The 76-year-old, usually referred to simply as Atiku, is on his sixth presidential campaign. He is best known for serving as vice president for two terms, from 1999 to 2007, in the first administration after the end of military rule. Atiku established a reputation in office as being a business-friendly dealmaker and has sought to portray himself as the candidate best placed to attract investors. His campaign has faced dissent from five southern PDP governors who question their party’s choice of a northerner to succeed Buhari, who is also from that part of the country.
Create three million new jobs annually
Promote a federal system with a strong central government but with more power devolved to states
All government refineries will be privatized while new licenses will be granted for new investment
Peter Obi - Labour Party
Reuters/ Nyancho Nwanri
Several polls have tipped Peter Obi, candidate of the relatively small Labour Party, to win. But analysts say the southern Christian will likely struggle to gain widespread support in voter-rich northern states, which are mainly Mulsim, without the backing of a major party. The 61-year-old was governor of southeastern Anambra state between 2006 and 2014 and the PDP’s vice presidential candidate, as Atiku’s running mate, in 2019. Obi has cultivated an image as a frugal, hands-on political leader. His supporters, many of whom refer call themselves “Obidient”, are largely young Nigerians eager to break the main parties’ grip on power.
Solve insecurity, particularly banditry and insurgency
Build power, transportation and gas infrastructure with private sector partnerships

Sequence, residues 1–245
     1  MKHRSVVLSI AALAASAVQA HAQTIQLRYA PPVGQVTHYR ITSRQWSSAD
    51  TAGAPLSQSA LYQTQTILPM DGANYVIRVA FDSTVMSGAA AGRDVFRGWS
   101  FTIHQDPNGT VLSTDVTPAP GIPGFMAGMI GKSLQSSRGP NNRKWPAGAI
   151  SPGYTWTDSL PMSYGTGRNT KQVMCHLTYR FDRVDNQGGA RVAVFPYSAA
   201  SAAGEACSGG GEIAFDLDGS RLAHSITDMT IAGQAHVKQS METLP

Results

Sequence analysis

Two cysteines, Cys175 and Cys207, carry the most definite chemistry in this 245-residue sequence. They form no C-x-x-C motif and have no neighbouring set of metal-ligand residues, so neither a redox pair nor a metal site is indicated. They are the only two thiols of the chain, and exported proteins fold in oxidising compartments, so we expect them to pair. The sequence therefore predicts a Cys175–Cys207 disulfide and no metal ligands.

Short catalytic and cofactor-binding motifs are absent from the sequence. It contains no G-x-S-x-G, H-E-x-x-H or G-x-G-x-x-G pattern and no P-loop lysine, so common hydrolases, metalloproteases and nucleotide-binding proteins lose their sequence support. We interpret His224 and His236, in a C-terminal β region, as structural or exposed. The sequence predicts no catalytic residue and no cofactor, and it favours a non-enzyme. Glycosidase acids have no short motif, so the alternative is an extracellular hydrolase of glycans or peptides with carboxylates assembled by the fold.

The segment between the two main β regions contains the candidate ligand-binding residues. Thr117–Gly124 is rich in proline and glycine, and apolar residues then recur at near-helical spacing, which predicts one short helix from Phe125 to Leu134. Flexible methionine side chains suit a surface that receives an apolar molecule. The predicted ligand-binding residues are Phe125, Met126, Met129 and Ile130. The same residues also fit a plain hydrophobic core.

Invest in emerging technologies, including artificial intelligence, blockchain technology and biotechnology, to make the economy less oil-dependent
The increasingly important role polling is playing in Nigeria’s elections this year has been striking. In the recent past polls have been dismissed as an attempt by pollsters and their advocates to replicate the electoral experience of more advanced democracies like the United States. The argument against surveys was that ordinary Nigerians were more concerned with day-to-day survival than answering pollsters’ questions.
But that prevailing view has obviously changed in this election cycle. Their headlines — effectively, “Peter Obi wins by a landslide!” — might end up being wrong. But if you read closely there is an ample helping of nuance, a side order of caveats, and a strict diet of transparency to go with their main course of forecasts. The pollsters we’ve referenced were careful to explain their methodology and limitations. All acknowledge this is a particularly difficult election to predict.
Perhaps the most important note is that almost all the polls are handicapped by an unusually significant number of respondents either declining to reveal their voting intentions or simply claiming to be undecided. It means that while it is true Peter Obi is well in front on paper, polling day will likely be much tighter or offer different results depending on voter turnout for instance.
One thing is clear, polls are here to stay. And they’re likely to evolve with future Nigerian elections. “Feedback from well-designed and well-executed polls can aid in switching Nigeria’s politics into issue-based politics,” said Basil Abia, a research analyst with Kwakol, a self-funded research company based in Abuja.
All Nigerian elections are conducted by the Independent National Electoral Commission (INEC). The Commission is led by a chairperson appointed by the Nigerian president and funded from the federal government’s budget. However, INEC is mandated to operate as an independent body. Mahmood Yakubu, like the last three INEC chairs before him, is an academic. He has been in the role since October 2015.
What technology will be used?
INEC, under Yakubu’s stewardship, has expanded the use of digital technology in an attempt to make voting more transparent and secure. While the use of permanent voter cards (PVCs) has become established following two previous election cycles, 2023 will be the first general election in which the electoral body will use a scanner for verifying voter authenticity and uploading results from polling stations known as a Bimodal Voter Accreditation System (BVAS).